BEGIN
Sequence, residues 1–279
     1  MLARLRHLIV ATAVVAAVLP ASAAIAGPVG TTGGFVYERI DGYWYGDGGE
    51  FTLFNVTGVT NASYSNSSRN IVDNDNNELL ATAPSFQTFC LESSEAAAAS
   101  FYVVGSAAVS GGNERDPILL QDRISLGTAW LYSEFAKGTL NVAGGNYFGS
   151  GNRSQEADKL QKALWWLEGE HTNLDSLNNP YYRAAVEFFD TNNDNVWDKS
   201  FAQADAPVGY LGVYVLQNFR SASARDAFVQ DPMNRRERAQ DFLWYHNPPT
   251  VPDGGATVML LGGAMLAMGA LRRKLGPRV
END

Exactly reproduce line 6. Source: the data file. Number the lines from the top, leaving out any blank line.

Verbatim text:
   201  FAQADAPVGY LGVYVLQNFR SASARDAFVQ DPMNRRERAQ DFLWYHNPPT